A 29-year-old Iranian woman has died after setting herself alight after being charged for trying to attend a men's soccer match.
Sahar Khodayari, a soccer fan nicknamed "The Blue Girl" after the colors of her favorite team, Esteghlal, died in a Tehran hospital, Iranian media reported on September 9.
Unconfirmed reports suggested that she died over the weekend but that her death had been announced on September 9 after her burial under tight security measures in the holy Shi'ite city of Qom.
Khodayari's death comes days after she poured gasoline on herself and set herself alight outside a court on September 2 where she had been summoned after being charged following an attempt to enter a sports stadium to watch a soccer game.
She reportedly had burns over 90 percent of her body and her lungs had been badly damaged.
Her sister said that Khodayari suffered from bipolar disorder and that she had attempted suicide in the past.
Khodayari's sister told Iranian media that her mental state had deteriorated following her arrest and after hearing that she could be jailed for six months.
The woman said her sister attempted in mid-March to sneak into a soccer match at Tehran's Azadi Stadium while wearing a blue wig and wearing a long coat.
Khodayari told security guards that she was a woman after they tried to search her, according to her sister.
"They arrested her right there," she said in a September 5 interview with Shahrvandonline.ir.
Khodayari's arrest, her attempted suicide, and her death have led to an outcry on social media and condemnation of a state ban on female spectators that has been enforced for nearly four decades.
In the past, only selected groups of women have been allowed into stadiums to watch soccer matches or other men's sporting events.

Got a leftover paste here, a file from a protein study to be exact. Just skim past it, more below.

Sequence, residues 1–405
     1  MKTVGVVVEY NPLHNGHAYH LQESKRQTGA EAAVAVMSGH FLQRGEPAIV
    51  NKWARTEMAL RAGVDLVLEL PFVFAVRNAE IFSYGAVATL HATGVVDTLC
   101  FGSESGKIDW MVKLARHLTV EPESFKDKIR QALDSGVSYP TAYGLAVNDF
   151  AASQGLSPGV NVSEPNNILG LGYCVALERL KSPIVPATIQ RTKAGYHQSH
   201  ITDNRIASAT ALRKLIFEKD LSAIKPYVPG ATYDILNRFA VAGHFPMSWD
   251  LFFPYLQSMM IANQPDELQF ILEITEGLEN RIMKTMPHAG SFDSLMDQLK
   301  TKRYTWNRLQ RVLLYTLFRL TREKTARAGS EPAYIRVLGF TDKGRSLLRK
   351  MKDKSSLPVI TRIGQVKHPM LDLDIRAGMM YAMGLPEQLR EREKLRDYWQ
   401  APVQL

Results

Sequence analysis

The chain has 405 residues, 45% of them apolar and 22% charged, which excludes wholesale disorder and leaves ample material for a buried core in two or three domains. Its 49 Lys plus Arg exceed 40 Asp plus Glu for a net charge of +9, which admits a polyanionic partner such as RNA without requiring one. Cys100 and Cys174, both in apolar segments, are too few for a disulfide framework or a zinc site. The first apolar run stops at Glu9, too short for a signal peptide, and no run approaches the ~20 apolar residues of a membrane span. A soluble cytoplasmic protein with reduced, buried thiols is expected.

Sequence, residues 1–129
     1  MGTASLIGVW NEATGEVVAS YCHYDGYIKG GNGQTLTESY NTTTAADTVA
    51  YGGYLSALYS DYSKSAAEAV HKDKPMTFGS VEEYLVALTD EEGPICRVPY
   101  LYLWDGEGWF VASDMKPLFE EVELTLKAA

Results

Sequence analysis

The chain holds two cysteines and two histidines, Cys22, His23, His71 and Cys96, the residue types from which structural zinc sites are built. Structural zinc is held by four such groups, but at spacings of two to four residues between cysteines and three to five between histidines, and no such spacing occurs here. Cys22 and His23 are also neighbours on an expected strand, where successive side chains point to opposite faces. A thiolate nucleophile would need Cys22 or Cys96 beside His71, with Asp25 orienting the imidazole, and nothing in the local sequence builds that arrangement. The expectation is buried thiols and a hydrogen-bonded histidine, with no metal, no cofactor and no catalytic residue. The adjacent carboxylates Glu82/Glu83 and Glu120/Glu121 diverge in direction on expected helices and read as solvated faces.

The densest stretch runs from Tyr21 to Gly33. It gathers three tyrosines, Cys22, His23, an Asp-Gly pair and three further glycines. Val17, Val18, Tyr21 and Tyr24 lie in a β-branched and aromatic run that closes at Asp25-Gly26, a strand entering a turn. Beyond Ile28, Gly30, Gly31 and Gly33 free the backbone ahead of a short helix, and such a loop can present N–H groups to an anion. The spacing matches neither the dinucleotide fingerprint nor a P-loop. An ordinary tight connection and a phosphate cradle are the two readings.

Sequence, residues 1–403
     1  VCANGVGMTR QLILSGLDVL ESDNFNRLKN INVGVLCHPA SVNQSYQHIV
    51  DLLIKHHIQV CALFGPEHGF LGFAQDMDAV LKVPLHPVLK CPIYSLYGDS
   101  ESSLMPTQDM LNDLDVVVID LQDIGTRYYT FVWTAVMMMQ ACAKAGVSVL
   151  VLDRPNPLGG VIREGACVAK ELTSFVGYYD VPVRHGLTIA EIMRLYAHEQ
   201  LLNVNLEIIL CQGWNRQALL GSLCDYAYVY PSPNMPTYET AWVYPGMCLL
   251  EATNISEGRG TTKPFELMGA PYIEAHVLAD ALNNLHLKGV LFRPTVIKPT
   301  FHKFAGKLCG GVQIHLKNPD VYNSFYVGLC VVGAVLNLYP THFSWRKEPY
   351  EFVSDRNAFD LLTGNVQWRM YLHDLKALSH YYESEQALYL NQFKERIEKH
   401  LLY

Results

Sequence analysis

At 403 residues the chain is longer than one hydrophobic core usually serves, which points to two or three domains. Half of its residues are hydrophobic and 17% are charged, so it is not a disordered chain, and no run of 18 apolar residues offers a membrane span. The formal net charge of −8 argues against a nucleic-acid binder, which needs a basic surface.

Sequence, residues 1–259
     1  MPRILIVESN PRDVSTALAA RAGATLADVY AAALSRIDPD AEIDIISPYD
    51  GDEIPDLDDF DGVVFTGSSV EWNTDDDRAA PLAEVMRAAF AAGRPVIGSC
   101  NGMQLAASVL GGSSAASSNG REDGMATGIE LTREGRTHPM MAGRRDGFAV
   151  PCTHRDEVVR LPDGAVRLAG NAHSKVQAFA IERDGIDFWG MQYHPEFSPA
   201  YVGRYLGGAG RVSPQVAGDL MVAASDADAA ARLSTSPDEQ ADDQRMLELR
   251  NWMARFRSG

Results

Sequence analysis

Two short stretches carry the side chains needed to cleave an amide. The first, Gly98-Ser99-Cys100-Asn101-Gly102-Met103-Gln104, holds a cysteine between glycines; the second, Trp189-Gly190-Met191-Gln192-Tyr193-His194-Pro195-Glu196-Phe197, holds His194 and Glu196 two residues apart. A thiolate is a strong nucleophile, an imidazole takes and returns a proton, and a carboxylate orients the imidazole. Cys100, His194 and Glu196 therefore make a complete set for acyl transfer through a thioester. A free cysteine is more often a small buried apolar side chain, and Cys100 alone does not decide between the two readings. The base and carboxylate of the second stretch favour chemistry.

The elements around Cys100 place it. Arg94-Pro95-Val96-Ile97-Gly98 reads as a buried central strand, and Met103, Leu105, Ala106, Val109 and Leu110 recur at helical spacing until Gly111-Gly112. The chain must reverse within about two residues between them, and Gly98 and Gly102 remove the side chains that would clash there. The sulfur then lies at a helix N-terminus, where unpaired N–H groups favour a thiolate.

Devoted female soccer fans have managed to defy the ban on rare occasions by disguising themselves as men.
"She was the daughter of Iran," Iranian lawmaker Parvaneh Salahshouri said, adding "in a place where men decide for women and deprive them of their most basic rights and women go along this blatant injustice by men."
"We're all responsible for the imprisonment and the burning of the Sahars of this country," Salahshouri said on Twitter.
Several Esteghlal players grieved Khodayari's death on social media while expressing "shame" over her plight.
National team player Hossein Mahini shared a drawing by renowned soccer cartoonist Omar Momani in tribute to Khodayari.
An unnamed official was quoted last week by media as saying the young woman had been arrested for not being sufficiently veiled and for clashing with security guards.
He said her court hearing did not take place because the judge assigned to the case was not present.
Khodayari's death comes amid pressure on Iran by soccer's world governing body, FIFA, to abolish -- or at least relax -- the ban that Iranian officials have enforced for nearly 40 years on women attending men's sporting events.
On August 25, Iran finally relented when Deputy Sports Minister Jamshid Tahizade announced that women would be allowed to attend Iran's World Cup qualifying match against Cambodia.
Human Rights Watch director of global initiatives Minky Worden said on Twitter that FIFA chief Gianni Infantino had not applied enough pressure on Iran to stop the abuses.
"It was predictable decades of women protesting #Iran's stadium ban could end in catastrophe," Worden said while asking FIFA to confirm actions it will take after the tragic death of Khodayari.
"We are aware of that tragedy and deeply regret it," FIFA's media department said in comments sent to RFE/RL. "FIFA convey our condolences to the family and friends of Sahar and reiterate our calls on the Iranian authorities to ensure the freedom and safety of any women engaged in this legitimate fight to end the stadium ban for women in Iran."